Documents: Regional Gardens (Canada) - Prairie:

What To Plant In Beds On A Large Property & Comments About The Damn Dandelions
by Art Drysdale
by Art Drysdale

email: art@artdrysdale.com

Art Drysdale, a life-long resident of Toronto and a horticulturist well known all across Canada, is now a resident of Parksville, British Columbia on Vancouver Island, just north of Nanaimo. He has reno-vated an old home and has a new garden there. His radio gardening vignettes are heard in south-western Ontario over radio station Easy 101 FM out of Tillsonburg at 2 PM weekdays.

Art also has his own website at http://www.artdrysdale.com


May 12, 2013

Above: One of the beds to be replaced by the questioner this week. Below: dandelions infesting a lawn in typical fashion without the use of 2,4-D; and the typical sight of dandelions all in seed, producing thousands more plants the following year; and one of our red azaleas currently at its best just for contrast!





An interesting question rolled in some little time ago. It came from a friend in eastern Canada (eastern Ontario actually) and it was for suggestions to plant up a large garden in the country. I was sent photos of what is there now, and I had to ask for more information before I could offer any suggestions.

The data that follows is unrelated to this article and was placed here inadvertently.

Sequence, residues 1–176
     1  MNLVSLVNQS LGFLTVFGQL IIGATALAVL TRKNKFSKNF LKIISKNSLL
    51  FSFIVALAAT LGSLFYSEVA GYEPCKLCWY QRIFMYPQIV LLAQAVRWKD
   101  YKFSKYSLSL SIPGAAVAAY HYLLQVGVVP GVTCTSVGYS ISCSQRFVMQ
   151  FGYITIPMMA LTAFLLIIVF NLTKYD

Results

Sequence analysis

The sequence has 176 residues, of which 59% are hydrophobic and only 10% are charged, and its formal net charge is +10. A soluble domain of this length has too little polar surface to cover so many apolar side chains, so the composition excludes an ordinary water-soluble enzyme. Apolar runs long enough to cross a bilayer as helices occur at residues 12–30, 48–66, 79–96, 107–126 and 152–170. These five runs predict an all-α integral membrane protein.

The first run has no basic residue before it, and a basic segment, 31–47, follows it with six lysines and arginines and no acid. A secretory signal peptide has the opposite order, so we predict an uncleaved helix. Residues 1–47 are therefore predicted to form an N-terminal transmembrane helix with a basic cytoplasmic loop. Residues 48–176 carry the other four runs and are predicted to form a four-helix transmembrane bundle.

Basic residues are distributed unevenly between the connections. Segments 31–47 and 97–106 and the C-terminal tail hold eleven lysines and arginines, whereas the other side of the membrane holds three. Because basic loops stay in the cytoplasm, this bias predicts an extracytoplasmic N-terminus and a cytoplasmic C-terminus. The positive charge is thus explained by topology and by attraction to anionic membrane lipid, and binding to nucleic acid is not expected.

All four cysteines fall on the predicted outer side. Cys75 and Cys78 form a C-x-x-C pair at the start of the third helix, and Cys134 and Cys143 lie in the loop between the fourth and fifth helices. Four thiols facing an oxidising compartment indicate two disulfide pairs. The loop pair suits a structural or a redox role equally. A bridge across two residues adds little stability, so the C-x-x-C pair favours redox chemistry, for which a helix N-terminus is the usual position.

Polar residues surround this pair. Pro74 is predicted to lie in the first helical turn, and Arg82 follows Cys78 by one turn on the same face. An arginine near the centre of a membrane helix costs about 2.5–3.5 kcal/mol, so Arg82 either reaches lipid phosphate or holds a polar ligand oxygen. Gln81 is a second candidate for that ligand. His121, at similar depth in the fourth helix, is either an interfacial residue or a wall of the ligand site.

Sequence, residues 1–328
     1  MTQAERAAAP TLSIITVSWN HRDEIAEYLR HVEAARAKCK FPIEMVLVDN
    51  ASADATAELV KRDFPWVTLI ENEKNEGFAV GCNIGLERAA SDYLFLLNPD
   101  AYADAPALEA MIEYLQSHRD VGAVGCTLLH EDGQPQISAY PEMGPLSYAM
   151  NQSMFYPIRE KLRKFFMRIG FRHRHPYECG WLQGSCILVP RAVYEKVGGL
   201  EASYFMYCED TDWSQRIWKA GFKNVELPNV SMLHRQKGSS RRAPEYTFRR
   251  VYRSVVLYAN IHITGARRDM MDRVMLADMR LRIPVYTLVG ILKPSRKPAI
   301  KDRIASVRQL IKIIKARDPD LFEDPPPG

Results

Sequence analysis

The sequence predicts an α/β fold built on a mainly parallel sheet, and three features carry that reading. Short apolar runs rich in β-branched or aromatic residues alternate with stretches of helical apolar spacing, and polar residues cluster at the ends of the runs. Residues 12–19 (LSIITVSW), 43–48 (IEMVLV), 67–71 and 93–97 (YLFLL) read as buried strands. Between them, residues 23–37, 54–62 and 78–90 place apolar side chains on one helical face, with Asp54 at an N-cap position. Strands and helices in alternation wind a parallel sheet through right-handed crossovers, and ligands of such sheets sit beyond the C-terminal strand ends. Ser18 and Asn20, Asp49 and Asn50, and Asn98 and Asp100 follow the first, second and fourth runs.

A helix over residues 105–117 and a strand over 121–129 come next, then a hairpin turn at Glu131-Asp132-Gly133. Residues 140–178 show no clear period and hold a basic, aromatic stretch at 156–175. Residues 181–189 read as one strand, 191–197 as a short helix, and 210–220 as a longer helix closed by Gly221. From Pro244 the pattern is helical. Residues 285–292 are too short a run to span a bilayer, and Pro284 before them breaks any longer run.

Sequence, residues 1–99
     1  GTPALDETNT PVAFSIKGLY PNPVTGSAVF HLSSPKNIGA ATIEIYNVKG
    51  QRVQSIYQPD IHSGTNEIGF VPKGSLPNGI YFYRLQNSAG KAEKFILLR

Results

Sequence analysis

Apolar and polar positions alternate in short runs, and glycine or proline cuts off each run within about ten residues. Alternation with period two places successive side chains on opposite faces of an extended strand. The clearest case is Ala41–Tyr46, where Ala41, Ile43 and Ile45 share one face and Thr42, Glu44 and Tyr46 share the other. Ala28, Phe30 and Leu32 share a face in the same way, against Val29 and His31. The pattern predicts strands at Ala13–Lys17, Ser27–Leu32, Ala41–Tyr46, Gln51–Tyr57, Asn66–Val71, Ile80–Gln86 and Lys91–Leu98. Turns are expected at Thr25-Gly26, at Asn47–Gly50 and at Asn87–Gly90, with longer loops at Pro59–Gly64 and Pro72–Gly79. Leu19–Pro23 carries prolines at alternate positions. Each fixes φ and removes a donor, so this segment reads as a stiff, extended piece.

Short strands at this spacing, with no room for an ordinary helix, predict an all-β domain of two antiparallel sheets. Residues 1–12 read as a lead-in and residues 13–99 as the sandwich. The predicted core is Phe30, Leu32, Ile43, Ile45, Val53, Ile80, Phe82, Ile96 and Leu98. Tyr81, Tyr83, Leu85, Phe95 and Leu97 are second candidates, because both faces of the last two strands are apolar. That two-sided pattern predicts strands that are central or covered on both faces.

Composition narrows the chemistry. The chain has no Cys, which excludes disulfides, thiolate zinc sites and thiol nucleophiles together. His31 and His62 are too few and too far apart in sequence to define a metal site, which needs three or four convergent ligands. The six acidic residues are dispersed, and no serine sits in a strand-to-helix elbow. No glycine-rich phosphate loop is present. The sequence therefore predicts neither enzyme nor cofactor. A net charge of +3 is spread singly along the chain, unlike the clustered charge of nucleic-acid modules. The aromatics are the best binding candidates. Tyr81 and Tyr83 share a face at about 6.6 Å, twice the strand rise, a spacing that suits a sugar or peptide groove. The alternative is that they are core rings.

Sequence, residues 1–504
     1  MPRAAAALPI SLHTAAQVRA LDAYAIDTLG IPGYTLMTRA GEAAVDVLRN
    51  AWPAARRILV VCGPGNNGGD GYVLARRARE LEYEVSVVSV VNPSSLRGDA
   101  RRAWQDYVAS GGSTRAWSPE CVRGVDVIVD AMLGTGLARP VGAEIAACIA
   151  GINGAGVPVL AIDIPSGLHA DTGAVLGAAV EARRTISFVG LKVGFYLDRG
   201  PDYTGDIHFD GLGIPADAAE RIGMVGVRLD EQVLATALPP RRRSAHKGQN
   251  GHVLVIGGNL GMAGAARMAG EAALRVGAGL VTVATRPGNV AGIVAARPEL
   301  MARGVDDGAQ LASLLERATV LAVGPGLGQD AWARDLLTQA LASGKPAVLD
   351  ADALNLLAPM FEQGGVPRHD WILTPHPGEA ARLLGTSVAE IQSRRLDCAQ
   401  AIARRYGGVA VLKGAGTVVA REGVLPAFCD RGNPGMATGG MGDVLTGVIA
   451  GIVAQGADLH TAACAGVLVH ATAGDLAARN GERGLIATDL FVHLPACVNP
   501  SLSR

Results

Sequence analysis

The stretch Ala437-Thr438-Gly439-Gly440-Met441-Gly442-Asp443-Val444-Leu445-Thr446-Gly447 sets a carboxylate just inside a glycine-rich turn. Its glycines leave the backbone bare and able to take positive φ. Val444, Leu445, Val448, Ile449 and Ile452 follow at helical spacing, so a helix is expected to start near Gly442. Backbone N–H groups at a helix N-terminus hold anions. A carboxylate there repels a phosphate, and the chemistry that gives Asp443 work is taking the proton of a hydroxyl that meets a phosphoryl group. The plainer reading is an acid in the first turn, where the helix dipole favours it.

Presently they are planting large numbers of annual flowers (specifically a red Salvia) and have a few junipers and other small evergreens, along with a very few ornamental grasses.

The owner was concerned about hardiness and possibly strong winds, but did not mention anything about snow. Here is what I wrote to him in response.

“One thing I do not do is design gardens or draw plans for same. I plant gardens (mainly my own) by saying ‘let’s try that over there’ and so on.

“Having said all that, here are my observations. You should have no problem with any of the Box (Buxus), especially the Sheridan Hybrids—which were developed at Oakville and are all rated at least zone 4b (Canadian zone map) or hardier. You mention smaller plants and if that is your wish you likely should go with the first of these that was introduced (in 1973—only four years after I left the company so I was well aware of these coming onto the market). You could also incorporate taller cultivars such as Green Velvet which was introduced the same year and is considered slightly hardier. Since it grows slightly taller, it might contrast well.